How to vote in my state
Last updated August 30, 2022
Upcoming Election Dates and Registration Deadlines
November 8, 2022
Texas State General Election
Voter Registration Deadline
- Received by: October 11, 2022
Absentee (Mail-in) Request Deadline
- Post received: October 28, 2022
- Online request by: N/A
- In-person request by: October 28, 2022
Completed Absentee (Mail-in) Ballot Return Deadline
- Postmarked: November 8, 2022
- Post received: November 10, 2022
- In-person received: November 8, 2022
Early Voting: October 24 – November 4, 2022
Check if you are registered
What's on your
Absentee (Mail-in) Voting
You may vote absentee in Texas if you are:
- be 65 years or older;
- be sick or disabled;
- be out of the county on election day and during the period for early voting by personal appearance;
- be expected to give birth within three weeks before or after Election Day; or
- be confined in jail, but otherwise eligible.
Your absentee ballot application must be in-person or mailed 11 days before Election Day to your early voting clerk. Completed ballots must be returned in-person by 7 PM on Election Day, or by-mail by 5 PM two days after Election Day.
Do not forget to include your last 4 digits of your social security or driver’s license number in the application. It must match what is on file.
Early voting is available for all registered voters beginning 17 days before Election Day, unless that day falls on a weekend, in which case early voting begins on that Monday. Early voting ends four days before Election Day.
What to Expect
on Election Day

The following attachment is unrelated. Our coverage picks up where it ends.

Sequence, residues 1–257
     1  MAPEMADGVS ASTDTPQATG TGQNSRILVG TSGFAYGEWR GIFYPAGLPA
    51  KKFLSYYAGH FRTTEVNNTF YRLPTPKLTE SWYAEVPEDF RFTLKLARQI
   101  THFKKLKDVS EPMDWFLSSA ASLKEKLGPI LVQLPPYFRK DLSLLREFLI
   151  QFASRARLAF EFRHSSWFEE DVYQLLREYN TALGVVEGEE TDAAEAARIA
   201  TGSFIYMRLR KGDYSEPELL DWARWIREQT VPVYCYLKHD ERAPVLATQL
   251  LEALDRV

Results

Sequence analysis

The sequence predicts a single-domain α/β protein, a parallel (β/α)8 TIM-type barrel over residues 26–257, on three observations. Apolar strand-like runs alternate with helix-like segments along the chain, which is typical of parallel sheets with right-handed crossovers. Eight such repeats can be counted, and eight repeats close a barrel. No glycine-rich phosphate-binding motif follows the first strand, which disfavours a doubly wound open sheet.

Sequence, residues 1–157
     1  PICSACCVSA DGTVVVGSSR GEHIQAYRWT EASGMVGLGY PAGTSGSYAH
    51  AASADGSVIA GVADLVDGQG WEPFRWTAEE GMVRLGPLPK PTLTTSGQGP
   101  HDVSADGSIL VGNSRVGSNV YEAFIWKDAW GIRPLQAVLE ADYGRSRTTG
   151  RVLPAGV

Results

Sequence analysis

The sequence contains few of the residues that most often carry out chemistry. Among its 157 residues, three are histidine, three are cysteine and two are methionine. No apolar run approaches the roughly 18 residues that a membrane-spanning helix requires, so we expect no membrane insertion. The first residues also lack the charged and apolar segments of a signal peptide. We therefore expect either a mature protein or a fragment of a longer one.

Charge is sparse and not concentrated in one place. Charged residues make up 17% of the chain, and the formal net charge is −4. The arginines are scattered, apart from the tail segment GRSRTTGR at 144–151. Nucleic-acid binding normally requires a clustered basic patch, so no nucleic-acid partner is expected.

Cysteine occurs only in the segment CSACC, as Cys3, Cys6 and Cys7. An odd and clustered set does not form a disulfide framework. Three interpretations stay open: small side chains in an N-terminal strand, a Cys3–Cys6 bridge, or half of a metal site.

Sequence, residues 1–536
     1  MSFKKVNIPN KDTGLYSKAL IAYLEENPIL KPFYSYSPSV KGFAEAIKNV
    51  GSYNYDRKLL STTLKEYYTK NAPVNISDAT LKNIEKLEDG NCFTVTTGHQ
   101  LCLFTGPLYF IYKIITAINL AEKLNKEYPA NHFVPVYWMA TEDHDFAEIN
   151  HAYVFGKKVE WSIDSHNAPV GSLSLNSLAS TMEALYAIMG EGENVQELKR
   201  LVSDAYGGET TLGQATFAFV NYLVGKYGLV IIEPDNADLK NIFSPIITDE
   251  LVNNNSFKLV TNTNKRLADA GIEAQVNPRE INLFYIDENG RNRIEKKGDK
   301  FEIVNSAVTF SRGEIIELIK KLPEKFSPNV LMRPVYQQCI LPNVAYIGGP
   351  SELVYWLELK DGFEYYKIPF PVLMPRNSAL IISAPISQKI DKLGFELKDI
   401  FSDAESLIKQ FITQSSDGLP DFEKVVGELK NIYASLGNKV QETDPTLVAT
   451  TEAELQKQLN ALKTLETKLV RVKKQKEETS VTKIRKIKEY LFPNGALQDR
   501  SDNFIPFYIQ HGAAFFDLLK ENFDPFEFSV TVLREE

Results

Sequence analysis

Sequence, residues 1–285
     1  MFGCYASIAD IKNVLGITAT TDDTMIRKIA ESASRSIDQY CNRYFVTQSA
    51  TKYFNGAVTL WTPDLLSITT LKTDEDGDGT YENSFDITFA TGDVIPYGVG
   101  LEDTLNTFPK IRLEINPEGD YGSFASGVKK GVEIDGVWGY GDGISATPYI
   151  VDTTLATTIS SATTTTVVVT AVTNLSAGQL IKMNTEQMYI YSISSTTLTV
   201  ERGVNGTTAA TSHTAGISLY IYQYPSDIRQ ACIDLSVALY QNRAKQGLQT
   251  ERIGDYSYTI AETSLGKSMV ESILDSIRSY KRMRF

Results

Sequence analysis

On Election Day, polls are open from 7 AM to 7 PM local time.
Find your polling location. (enter personal info to access)
Voter ID Requirements
A valid photo ID is required to vote on Election Day (and early voting). Acceptable forms of ID include:
- Texas Driver License issued by the Texas Department of Public Safety (DPS)
- Texas Election Identification Certificate issued by DPS
- Texas Personal Identification Card issued by DPS
- Texas Handgun License issued by DPS
- United States Military Identification Card containing the person’s photograph
- United States Citizenship Certificate containing the person’s photograph
- United States Passport (book or card)
If you don’t have any of these, you’ll need to (1) sign a sworn statement that there is a reason why you don’t have any of the IDs listed above (a Reasonable Impediment Declaration), and (2) bring one of the following:
- copy or original of a government document that shows the voter’s name and an address, including the voter’s voter registration certificate;
- copy of or original current utility bill;
- copy of or original bank statement;
- copy of or original government check;
- copy of or original paycheck; or
- copy of or original of (a) a certified domestic (from a U.S. state or territory) birth certificate or (b) a document confirming birth admissible in a court of law which establishes the voter’s identity (which may include a foreign birth document)
Section 203 of the Voting Rights Act requires certain jurisdictions to provide in-language voting materials in areas with a significant number of limited English proficient voters.
Areas in Texas covered by Section 203
Section 208 of the Voting Rights Act states that, “Any voter who requires assistance to vote by reason of blindness, disability, or inability to read or write may be given assistance by a person of the voter’s choice, other than the voter’s employer or agent of the employer or office or agent of the voter’s union.”
It is your right to bring your own interpreter to the polls, if you so choose.
Have questions or need help voting?
Call 1-888-API-VOTE (1-888-274-8683).
Bilingual assistance is available in English, Mandarin, Cantonese, Korean, Vietnamese, Tagalog, Urdu, Hindi, and Bengali. Click here for more information.